NEW YORK (PIX11) –– As the trend of smiling selfies continues to soar, the journey to picture perfect teeth often begins with a trip to the orthodontist. But is the expensive and often painful medical process of braces being overshadowed for cosmetic reasons?
“We like to say it’s not your parents’ braces anymore,” explains Dr. Christina Carter, an orthodontist and pediatric dentist.
Crystal Patel is a high school senior wearing braces. She told PIX11 “it’s important to have a good smile.”
Jessica Corona just completed her freshman year of college with braces. “I think that soon I’ll be able to take a selfie and show off my teeth, so its OK,” she said.
But Dr. Carter also treats patients much younger than Crystal and Jessica. Many of those kids are coming in because they want to improve the way they look. “Unfortunately I hear children being bullied about their teeth all the time,” explains Dr. Carter.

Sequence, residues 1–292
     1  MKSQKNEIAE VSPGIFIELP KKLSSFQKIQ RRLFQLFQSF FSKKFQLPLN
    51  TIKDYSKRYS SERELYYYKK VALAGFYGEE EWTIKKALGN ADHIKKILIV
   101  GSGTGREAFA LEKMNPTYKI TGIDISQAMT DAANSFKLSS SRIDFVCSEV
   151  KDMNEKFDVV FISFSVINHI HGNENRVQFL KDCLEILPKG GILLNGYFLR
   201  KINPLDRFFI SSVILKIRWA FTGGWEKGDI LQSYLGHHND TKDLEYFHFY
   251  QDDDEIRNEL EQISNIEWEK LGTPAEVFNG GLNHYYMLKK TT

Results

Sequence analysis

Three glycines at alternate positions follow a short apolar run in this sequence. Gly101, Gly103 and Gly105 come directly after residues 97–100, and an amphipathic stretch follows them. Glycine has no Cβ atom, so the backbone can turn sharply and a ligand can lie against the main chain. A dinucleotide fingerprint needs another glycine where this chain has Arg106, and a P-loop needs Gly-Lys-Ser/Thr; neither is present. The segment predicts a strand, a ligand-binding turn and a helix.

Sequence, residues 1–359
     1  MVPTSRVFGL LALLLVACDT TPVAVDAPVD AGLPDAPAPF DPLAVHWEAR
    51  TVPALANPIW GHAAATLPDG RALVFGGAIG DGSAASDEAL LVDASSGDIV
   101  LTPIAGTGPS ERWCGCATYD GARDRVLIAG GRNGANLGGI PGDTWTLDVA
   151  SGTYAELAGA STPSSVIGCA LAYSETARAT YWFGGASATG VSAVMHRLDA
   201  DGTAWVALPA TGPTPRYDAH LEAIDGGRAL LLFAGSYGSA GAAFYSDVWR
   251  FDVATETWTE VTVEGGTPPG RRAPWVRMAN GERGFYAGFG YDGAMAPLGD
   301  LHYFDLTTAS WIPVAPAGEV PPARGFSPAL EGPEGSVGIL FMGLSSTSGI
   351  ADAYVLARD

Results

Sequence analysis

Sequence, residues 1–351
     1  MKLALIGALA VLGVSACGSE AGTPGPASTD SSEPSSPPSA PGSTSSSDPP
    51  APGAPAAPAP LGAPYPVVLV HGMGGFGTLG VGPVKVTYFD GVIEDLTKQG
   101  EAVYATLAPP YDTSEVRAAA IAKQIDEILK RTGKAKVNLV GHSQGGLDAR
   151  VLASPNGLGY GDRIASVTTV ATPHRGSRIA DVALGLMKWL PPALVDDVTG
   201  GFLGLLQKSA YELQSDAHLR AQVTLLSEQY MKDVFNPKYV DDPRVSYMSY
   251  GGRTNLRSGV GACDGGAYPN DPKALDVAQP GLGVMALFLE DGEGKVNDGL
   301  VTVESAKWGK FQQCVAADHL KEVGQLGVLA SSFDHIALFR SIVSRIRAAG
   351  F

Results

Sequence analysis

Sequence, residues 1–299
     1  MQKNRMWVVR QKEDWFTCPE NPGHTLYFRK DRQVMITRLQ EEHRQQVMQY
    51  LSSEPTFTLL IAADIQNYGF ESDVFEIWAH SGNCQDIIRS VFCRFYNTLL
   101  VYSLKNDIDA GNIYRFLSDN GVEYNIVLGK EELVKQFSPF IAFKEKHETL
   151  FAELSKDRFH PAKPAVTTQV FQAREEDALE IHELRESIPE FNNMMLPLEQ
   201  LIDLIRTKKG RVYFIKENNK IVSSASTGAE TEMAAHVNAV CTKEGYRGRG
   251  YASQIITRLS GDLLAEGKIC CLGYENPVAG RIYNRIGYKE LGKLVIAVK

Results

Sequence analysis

At her practice on Staten Island, Dr. Carter said, “Children are getting braces earlier and we’ve recommended that children are screened by an orthodontist by the age of 7.” That recommendation stems from the American Association of Orthodontists.
But if children wear braces before their permanent teeth come in, they could have to wear braces again around the age of 12 or 13 to complete their treatment and ensure their new smile is a lasting one.
“You will still need to go to a second phase of therapy when all of the permanent teeth come out,” says Dr. Ali Attaie, the Chief of Pediatric Dental Surgery at Mount Sinai Hospital.
Not all health insurance plans will pay for a second round of treatment.
“In general, insurance will only pay a certain lifetime benefit and when you decide to do care in this piecemeal way you now expand the number of treatments and exhaust that available pool much much sooner.”
How, when and why you opt for braces is a unique decision for each family. The doctors PIX11 spoke to recommend patients focus on health, consider beauty, and before you begin treatment, consult your insurance company.